This was the education I got from attending the board meeting and complaint review. This was information I couldn’t get from just reading blog posts on the internet.
So then what IS the right message?
We began a process of redefining who the birth network should be. We want to help women have access to positive birth experiences in every birth environment and no matter what their risk factors. Respect and safety are the foundation where every birth should begin. Whether you have drugs, or hydrotherapy, or an OB, or a midwife are all decisions for you to make – and there aren’t wrong answers.
While both professionals and consumers are members of Birth Texas, we are first and foremost a consumer advocacy non-profit. No business or individual profits from the work we do. Instead, the entire community profits from consumers being informed and making educated decisions in their care. That is how better maternal health happens and makes change. Access, evidence-based care and informed consent.
Does that mean we are now anti-homebirth/birth center? Absolutely not. Most of our team had OOH births (including me, 2x) and would choose them again.
Am I out to “get” a group of certified professional midwives? No. Not one, not many, not all.
Have I encouraged women to begin filing complaints? Twice. Twice in 7 years, I have told someone that their experience seemed legally questionable to me, based on my understanding of the law, and that I personally would consider a formal complaint if I was in their shoes.
Have I encouraged women to post a review on Google or Yelp? Yep. I try to tell everyone that they should talk with their midwife first to try to resolve things. But we live in a consumer driven world – and I cannot tell women to go review OBs if I don’t also tell them to review their midwives.
I have attended a few more complaint reviews and board meetings. My favorite one was the last one, on my birthday. There wasn’t a single loss to be discussed and we were done by 11am.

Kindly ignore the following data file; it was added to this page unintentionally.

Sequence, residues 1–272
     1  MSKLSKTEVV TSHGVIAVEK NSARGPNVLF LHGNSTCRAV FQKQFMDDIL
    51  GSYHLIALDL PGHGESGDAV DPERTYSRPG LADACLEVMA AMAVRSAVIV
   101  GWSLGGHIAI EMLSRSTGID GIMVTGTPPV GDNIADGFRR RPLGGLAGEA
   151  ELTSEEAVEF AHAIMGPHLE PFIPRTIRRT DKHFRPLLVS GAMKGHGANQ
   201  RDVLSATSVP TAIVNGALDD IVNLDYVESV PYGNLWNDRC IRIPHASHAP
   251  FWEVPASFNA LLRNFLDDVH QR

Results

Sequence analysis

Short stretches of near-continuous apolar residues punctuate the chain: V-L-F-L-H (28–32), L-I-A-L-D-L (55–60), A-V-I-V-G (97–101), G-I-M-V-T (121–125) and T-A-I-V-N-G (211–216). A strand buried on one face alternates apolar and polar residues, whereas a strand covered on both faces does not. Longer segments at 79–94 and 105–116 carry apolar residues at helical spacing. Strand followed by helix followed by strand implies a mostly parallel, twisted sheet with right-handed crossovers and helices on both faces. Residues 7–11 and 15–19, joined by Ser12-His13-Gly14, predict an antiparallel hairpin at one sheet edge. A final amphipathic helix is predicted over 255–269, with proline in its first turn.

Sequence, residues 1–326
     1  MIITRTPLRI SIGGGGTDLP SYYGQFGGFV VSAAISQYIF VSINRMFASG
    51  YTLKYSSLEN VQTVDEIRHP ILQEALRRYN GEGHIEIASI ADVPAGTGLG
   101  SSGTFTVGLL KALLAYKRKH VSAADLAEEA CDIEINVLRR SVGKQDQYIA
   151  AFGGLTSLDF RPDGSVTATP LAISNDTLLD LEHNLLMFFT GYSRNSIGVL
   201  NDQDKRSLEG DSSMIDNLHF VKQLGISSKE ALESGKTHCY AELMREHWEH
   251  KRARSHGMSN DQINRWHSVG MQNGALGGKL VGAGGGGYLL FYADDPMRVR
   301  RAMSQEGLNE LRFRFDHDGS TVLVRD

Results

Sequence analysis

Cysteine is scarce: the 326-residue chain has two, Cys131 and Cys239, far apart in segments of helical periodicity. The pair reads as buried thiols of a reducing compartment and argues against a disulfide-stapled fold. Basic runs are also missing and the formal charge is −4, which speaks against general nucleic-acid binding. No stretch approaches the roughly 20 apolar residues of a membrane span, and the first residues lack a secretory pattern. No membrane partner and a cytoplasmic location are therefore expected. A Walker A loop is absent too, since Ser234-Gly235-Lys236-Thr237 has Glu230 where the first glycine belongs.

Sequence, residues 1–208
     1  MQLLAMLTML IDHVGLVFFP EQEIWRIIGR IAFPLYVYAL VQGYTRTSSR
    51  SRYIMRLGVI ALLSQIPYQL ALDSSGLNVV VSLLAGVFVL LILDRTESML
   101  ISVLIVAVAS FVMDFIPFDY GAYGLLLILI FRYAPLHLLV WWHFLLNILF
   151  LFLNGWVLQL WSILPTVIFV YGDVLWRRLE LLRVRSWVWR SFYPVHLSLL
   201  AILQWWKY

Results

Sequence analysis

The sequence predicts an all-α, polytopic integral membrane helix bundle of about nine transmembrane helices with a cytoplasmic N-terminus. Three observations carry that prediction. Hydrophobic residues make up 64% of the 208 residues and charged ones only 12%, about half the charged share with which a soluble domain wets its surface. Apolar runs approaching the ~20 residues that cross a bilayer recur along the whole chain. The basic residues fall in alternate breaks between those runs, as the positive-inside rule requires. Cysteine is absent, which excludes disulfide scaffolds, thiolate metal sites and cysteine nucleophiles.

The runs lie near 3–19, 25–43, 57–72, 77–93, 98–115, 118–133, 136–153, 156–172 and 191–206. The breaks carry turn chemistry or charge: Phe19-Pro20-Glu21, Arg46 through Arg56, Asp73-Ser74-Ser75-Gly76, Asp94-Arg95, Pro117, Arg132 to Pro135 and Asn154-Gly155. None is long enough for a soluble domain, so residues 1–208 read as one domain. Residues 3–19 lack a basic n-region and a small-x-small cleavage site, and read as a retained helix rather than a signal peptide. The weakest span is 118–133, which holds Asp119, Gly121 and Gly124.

Happy birthday to me!
Beginning in October, Texas Department of Licensing and Regulation (TDLR) takes over the complaint and licensing process for midwives and complaint review will not include public access. I get it. I support it. I’m interested to see where it takes us.
I hope that the move to TDLR also includes mandatory reporting so we can find out exactly what the OOH mortality rates are, and a better way of searching for provider complaints. I am incredibly grateful they now stream their meetings on the internet (as is my day job).
Last week I ordered a friend her home birth kit as a gift. This weekend I talked a friend through her choices of home, birth center or hospital. I don’t have a preference where she has her baby, she has fabulous options – she lives in Dallas/Fort Worth – the best place in the country to give birth.
Today, I am reflecting on the words of another birth advocate, Dawn Thompson of Improving Birth, from a video in 2015. “I will continue to to be passionate, no matter what. Because there is nothing you could say that takes away what I have seen. Nothing… We are going to improve maternity care.”
If you made it all the way to the end of this manifesto, kudos to you, thank a midwife you love and spread the word that informed consumers are the best kind.
~ Shannon Blackwell